Big buddy Blake Griffin detected Paul’s magic night and refrained from his patented rolls to the hoop. Instead, Griffin went looking for screens to free CP3.
“When somebody’s got it going like that, you just want to try to stay out of the way as much as possible, as well as keep that fire going,” Griffin said. “The first quarter was crazy. We were just trying to spring him, get him open.”
The Thunder was hot early. Led 16-10 less than five minutes into the game. Paul had zero shots and zero assists. Then Rivers called timeout, and everything changed.
Paul hit J.J. Redick for an open 3-pointer. Then Paul drilled a 3-pointer to tie the game. A minute later, he hit back-to-back 3-pointers to give LA a 24-20 lead. Two more 3-pointers came in the final two minutes of the quarter. That’s five 3-pointers in the first period. The Clippers had a 39-25 lead, and this game effectively was over.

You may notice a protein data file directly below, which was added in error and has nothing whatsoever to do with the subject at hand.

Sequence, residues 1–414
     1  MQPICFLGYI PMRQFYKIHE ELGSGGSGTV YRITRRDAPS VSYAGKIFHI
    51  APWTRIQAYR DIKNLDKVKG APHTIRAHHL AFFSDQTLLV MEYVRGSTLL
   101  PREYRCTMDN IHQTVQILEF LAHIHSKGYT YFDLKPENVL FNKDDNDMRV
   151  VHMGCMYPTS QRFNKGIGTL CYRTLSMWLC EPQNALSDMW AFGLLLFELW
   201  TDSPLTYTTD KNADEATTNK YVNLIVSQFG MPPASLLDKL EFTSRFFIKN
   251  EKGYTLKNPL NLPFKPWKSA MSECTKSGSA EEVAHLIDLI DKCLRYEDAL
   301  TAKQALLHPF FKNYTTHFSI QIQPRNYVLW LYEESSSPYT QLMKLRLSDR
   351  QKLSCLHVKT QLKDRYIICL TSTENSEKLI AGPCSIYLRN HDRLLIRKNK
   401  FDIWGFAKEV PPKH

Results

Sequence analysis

“We started the game off, they were hitting jump shots,” Kevin Durant said. “We didn’t come out nonchalant. They hit some shots, kind of loosened our defense up … we had good intentions. But they got hot.”
Paul is some kind of player. Heck, he was a great offensive player back in his Oklahoma City days, when he couldn’t shoot. Remember what we figured out a month into that maiden Hornet season in OKC. The kid rookie needs to shoot more.
Now that Paul is an old man (he turned 29 Tuesday), a perennial all-star, it’s still solid advice. The Clippers rode his shooting to an easy victory and now lead the series.
“He hit some tough shots,” said Westbrook. “We can live with that.”
Live with that. Or die by that. We shall see.
Berry Tramel: Berry can be reached at (405) 760-8080 or at email@example.com. He can be heard Monday through Friday from 4:40-5:20 p.m. on The Sports Animal radio network, including FM-98.1. You can also view his personality page at newsok.com/berrytramel.